It's undocumented precisely what Leo Varadkar and Donald Trump discussed during the Taoiseach's recent visit to Washingston DC, although it's unlikely they talked sport.
Currently mired in the same global health crisis, their public pronouncements suggest the heads of states' respective priorities are not closely aligned.
"We have to get our sports back," Trump huffed the other night during his latest press conference.
"I'm tired of watching baseball games that are 14-years-old."
Amen to that. The Taoiseach is demonstrably less agitated in clamouring for the resumption of sporting normalities.
But anyone for whom green fields with white markings forms the canvas of their summer will have found his comments yesterday in the Dáil chilling.
"Only a scientific breakthrough," he warned, "a vaccine or an effective anti-viral medicine will truly allow life to go back to being as it was."
Bleak, and all, as the Taoiseach's words were, they lack the sort of specificity required to inform GAA fixture-making.
Today, a remotely-held Special Congress will anoint the GAA's Management Committee with authority to formulate this year's Championships in any way they see fit.
Guesswork aside, no one in that meeting can accurately calculate when people in this country will be permitted to congregate in large numbers again.
And so the likelihood is that soon, the GAA will have to ask itself a question that would have seemed unfathomable just two months ago: is it better to play the inter-county Championships in front of empty stands or not at all?
An editorial in yesterday's New York Times posed a similar question in the broader sporting context.
'When Will Sports Come Back?' What Has to Happen First?'
The relevant snippet in a GAA context was in the sub-headline.
'Sports leagues face large, but not insurmountable, obstacles to even getting games back on television. Fans in the stands? Wait till next year.'
The financial implications of this for the GAA are severe.
For the GAA, more than any sporting organisation currently groping around in the dark for clues as to how best to proceed, bums on seats is effectively its business model.
A month before the first coronavirus case was detected in Ireland, the GAA announced that its revenue had topped the €70m mark in 2019, coming in at €73.8m. Gate receipts accounted for €36m (49 per cent) of their yearly revenue.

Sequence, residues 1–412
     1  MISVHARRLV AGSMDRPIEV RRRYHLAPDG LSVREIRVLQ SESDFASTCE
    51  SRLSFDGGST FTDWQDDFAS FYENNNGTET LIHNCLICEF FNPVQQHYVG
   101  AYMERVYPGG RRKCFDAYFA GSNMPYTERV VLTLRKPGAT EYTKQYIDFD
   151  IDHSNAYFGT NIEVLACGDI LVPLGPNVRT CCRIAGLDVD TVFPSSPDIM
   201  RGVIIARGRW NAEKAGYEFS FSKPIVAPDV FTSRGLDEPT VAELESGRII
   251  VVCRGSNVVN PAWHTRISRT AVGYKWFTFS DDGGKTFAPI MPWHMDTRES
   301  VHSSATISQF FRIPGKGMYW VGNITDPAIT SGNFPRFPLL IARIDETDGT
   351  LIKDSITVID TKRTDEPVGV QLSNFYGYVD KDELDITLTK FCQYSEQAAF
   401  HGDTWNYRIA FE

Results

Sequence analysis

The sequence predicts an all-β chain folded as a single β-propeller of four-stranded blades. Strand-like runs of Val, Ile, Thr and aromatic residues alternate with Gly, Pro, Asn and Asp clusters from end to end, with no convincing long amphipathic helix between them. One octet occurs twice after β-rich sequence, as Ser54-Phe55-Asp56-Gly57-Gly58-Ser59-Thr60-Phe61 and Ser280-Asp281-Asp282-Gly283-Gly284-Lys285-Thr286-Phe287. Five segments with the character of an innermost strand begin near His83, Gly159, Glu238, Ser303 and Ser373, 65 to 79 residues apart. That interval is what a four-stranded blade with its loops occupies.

The All-Ireland football final replay alone generated €3m. Croke Park hosted four money-spinning concerts.
Commercial income, derived from media rights and competition sponsors, came in at €19.9m.
This year, there were no scheduled Croke Park concerts. No papal visits.
Come back in 2021, Garth. All is forgiven.
It's not that the GAA is the only major sporting body in this country for which the silencing of whirring turnstiles would be financially catastrophic.
It is, however, the only one for which it might not be feasible to stage matches without paying customers.
Last year, the IRFU's turnover was €87.5m, of which 81 per cent was generated on the back of the men's international game through ticket sales, hospitality, sponsorship and amortised income.
There is no specific figure available for gate receipts but at €115 a pop for category 1 tickets for Ireland's home Six Nations games against France and England this year, it makes up a considerable percentage of earnings.
In marked contrast to the GAA, a major televised match is thought to be worth roughly €2.5m to the IRFU.
Even if the GAA could rework its existing broadcast deal and flog the live rights to every one of their hastily-convened Championship matches, the limitations of their market mean it would effectively be counting peanuts by comparison.
Yesterday, somewhat surprisingly, the PGA Tour announced a new revised schedule.
Officials are apparently confident the Charles Schwab Challenge, at Fort Worth from June 11 can take place with on-site testing for coronavirus in place.
Though they plan to keep events closed to the public until July 9, the PGA tour effectively admitted it could play from now until the end of the season with small, or no crowds, and still make money. Not a luxury the GAA can afford.
As GAA Director General Tom Ryan - who perhaps serendipitously, previously held the role of Director of Finance - said recently: "All we have is matches. That's all we have. We don't have an international organisation that can come to our aid.
"Everything that we generate is generated pretty much on the island of Ireland and it's all generated within probably a two- or three-month period of the year which is the period that could be lost to us income-wise."
Before the GAA ask itself whether it might proceed behind closed doors, it would do well to ask their inter-county players the same question.
Some would surely play, regardless of circumstance.
Other would decline, particularly if jolted into action at short notice in late autumn/early winter.
But with the absence of any considerable revenue stream flowing from the games themselves, it would be those same players - and a Gaelic Games-starved public - that the GAA is fixing those competitions for.
The alternative - the one outlined by the GPA in their address to members on Wednesday evening - seems too bleak to countenance.